IN DOLLAR terms, tourism officials are expecting a statewide economic impact of some $19.1 million in hotel, restaurant and other revenues connected to the one-day visit of Pope John Paul II to Baltimore next Sunday. There are, of course, no tangible numbers to place on the spiritual benefits, but they will be substantial. A papal visit -- particularly one to a city as important to American Catholicism as Baltimore has been -- cannot help but uplift the entire community.
Cardinal William H. Keeler has suggested that Catholics abstain from eating meat on Fridays as part of their spiritual preparation for the visit. That small discipline is meant as a symbol of larger things -- a stronger commitment to the poor, to the church or to faith itself.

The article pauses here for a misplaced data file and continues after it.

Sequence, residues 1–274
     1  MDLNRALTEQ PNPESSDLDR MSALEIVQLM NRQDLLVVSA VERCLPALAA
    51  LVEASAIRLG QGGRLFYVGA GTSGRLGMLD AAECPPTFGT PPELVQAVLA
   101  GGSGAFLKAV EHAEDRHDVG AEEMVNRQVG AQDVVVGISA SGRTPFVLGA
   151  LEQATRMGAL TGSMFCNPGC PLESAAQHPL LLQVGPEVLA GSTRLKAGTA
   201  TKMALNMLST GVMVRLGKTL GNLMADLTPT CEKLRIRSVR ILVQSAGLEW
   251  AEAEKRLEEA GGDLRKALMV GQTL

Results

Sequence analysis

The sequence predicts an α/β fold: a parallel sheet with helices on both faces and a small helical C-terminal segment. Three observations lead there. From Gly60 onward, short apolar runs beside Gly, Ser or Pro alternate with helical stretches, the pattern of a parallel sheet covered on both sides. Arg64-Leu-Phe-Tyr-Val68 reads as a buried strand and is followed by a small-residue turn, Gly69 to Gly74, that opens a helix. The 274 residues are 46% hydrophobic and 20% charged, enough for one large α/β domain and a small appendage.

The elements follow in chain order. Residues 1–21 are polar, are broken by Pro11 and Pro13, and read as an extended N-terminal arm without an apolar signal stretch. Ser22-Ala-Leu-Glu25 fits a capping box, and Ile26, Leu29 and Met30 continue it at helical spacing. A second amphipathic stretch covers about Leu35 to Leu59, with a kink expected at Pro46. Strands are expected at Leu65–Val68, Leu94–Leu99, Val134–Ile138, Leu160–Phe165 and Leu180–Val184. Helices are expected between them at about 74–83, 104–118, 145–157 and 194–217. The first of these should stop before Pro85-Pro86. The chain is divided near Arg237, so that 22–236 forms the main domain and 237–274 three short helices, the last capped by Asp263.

The "faith-filled celebration" being prepared by the archdiocese goes beyond Roman Catholics to include people of all faiths by underlining what religious communities share in common. Faith, family, a spiritual view of life that leavens the pervasive materialism of Western culture -- these are values which all religious people can join in celebrating.
This week the attention is on the sheer size of the task of planning a papal visit. From security arrangements to orderly crowd management to orchestrating as much public exposure for the pope as possible, the planning for the 10-hour visit is a mammoth operation.
The day itself will produce all the familiar trappings of civic extravaganzas: the T-shirts, the mementos, memorabilia and all the rest of it. But this occasion also carries a spiritual dimension that should ripple throughout the community as surely as the dollars and cents that will funnel through hotels and restaurants, cab drivers and souvenir hawkers.
It is Baltimore's good fortune, at last, to play host to Pope John Paul II. Indeed, as spiritual leaders remind us, it is also a blessing.